Secretary of Defense: Expect Furloughs to Continue in 2014

Secretary of Defense Chuck Hagel, served in the senate from 1997-2009 representing Nebraska. Photo credit: Congress.com

Secretary of Defense Chuck Hagel, served in the senate from 1997-2009 representing Nebraska. Photo credit: Congress.com

JOINT BASE CHARLESTON, S.C. (AP) — The audience gasped in surprise and gave a few low whistles as Defense Secretary Chuck Hagel delivered the news that furloughs, which have forced a 20 percent pay cut on most of the military’s civilian workforce, probably will continue next year, and it might get worse.

“Those are the facts of life,” Hagel told about 300 Defense Department employees, most of them middle-aged civilians, last week at an Air Force reception hall on a military base in Charleston.

Future layoffs also are possible for the department’s civilian workforce of more than 800,000 employees, Hagel said, if Congress fails to stem the cuts in the next budget year, which starts Oct. 1.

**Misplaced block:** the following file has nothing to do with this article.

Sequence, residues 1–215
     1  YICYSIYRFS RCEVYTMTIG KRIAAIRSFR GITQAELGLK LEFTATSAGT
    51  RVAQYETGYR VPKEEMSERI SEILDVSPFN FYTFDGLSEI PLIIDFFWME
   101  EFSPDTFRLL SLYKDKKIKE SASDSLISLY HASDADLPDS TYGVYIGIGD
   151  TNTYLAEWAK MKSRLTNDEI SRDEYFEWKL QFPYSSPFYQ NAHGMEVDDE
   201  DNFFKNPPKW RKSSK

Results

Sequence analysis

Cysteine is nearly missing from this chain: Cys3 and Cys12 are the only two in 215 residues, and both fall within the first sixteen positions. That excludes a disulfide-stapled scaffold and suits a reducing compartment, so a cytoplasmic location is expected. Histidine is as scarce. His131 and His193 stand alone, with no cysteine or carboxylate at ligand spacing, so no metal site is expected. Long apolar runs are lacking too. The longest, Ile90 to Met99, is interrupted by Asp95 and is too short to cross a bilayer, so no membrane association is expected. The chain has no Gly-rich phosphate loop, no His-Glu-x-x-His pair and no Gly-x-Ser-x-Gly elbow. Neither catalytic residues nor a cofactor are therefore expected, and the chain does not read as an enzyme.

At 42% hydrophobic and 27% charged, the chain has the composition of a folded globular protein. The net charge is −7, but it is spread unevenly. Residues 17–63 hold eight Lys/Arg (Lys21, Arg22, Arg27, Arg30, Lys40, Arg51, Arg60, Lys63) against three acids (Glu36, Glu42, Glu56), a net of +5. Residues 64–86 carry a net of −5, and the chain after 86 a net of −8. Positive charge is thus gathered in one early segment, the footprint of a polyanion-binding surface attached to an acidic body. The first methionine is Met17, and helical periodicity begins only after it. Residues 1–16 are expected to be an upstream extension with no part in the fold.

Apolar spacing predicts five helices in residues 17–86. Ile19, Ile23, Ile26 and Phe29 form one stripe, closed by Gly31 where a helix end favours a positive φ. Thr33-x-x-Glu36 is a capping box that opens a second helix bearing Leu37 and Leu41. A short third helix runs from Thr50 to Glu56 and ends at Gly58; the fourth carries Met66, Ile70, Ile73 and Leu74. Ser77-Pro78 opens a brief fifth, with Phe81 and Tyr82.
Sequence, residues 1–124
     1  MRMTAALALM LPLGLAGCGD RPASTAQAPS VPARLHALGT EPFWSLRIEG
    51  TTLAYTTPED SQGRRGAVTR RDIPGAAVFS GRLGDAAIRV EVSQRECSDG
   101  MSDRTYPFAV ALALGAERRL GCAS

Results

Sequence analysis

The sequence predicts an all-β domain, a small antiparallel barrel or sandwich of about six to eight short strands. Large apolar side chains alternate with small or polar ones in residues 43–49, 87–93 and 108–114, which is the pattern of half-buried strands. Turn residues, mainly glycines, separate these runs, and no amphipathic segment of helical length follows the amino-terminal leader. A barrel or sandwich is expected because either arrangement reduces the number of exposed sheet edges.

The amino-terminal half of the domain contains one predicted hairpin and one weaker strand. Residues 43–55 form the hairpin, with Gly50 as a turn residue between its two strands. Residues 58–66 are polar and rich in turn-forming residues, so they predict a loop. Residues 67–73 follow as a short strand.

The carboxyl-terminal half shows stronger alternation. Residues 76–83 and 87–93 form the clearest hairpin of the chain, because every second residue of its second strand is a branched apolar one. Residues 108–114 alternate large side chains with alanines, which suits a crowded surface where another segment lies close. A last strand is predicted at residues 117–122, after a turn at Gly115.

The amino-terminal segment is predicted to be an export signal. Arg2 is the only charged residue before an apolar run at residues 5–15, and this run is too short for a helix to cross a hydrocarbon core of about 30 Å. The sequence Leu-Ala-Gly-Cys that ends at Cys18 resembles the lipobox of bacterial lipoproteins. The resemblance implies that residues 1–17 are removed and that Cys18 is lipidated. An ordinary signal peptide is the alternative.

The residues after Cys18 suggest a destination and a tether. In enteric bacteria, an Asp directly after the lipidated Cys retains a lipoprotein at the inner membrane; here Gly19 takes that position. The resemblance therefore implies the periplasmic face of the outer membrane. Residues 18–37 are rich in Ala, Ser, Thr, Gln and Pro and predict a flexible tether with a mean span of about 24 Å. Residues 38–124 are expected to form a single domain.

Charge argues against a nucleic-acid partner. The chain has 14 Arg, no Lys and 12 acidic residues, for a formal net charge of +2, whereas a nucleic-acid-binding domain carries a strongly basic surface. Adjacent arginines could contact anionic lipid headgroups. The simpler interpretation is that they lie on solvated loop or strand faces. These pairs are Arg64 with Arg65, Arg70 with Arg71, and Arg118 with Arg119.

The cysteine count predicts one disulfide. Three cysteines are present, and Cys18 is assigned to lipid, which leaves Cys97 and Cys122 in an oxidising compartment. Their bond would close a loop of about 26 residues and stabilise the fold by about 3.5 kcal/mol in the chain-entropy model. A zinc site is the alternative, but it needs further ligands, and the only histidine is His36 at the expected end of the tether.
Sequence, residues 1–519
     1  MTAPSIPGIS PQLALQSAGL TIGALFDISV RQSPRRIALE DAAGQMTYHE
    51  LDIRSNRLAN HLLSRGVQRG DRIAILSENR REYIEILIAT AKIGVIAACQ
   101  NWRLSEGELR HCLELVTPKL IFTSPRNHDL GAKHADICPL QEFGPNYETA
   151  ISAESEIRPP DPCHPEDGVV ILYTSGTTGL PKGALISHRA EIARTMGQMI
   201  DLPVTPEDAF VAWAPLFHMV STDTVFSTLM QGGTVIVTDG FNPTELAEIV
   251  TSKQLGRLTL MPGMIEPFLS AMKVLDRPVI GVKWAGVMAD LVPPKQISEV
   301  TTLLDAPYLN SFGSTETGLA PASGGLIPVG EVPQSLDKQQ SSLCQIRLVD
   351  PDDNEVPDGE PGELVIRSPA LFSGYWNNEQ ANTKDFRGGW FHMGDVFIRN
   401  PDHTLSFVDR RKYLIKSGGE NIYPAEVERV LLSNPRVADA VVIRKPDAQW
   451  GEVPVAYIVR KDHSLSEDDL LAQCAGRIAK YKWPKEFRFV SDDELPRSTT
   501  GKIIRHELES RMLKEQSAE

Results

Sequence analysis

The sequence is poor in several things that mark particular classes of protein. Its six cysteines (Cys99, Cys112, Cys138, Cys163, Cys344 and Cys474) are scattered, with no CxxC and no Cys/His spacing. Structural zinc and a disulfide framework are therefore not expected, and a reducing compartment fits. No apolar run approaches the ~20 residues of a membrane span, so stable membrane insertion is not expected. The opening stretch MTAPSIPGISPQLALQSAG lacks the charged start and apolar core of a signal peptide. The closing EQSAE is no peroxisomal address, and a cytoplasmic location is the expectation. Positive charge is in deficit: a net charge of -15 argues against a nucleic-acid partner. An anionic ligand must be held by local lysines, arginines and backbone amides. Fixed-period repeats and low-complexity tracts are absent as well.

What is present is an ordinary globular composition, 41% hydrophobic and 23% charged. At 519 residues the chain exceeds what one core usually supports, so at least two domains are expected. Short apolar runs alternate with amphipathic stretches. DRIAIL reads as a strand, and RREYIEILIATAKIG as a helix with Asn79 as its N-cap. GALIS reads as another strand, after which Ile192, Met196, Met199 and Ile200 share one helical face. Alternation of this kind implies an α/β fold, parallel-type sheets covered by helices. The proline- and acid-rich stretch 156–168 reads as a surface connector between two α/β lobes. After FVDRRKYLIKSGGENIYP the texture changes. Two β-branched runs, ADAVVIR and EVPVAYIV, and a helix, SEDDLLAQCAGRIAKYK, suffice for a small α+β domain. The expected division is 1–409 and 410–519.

On the heels of the department’s first furlough day, and in three days of visits with members of the Army, Navy, Air Force and Marine Corps, Hagel played the unenviable role of messenger to a frustrated and fearful workforce coping with the inevitability of a spending squeeze at the end of more than a decade of constant and costly war.

You can read the full article HERE.

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Rambo’s Days Are Over, GI Jane May Have to Wait Years

The ban on women in combat was lifted Jan. 23, 2013. Though 99 percent of the careers offered in the Air Force are open to women, the decision will open more than 230,000 jobs across all branches of the military. 2013 marks the 20th year that the Department of Defense allowed women to serve as combat pilots. (U.S. Air Force illustration/Senior Airman Micaiah Anthony/Released)

The ban on women in combat was lifted Jan. 23, 2013. Though 99 percent of the careers offered in the Air Force are open to women, the decision will open more than 230,000 jobs across all branches of the military. 2013 marks the 20th year that the Department of Defense allowed women to serve as combat pilots. (U.S. Air Force illustration/Senior Airman Micaiah Anthony/Released)

The days of Rambo are over (a quote from a special ops officer), but it could be years before GI Jane appears in some combat roles.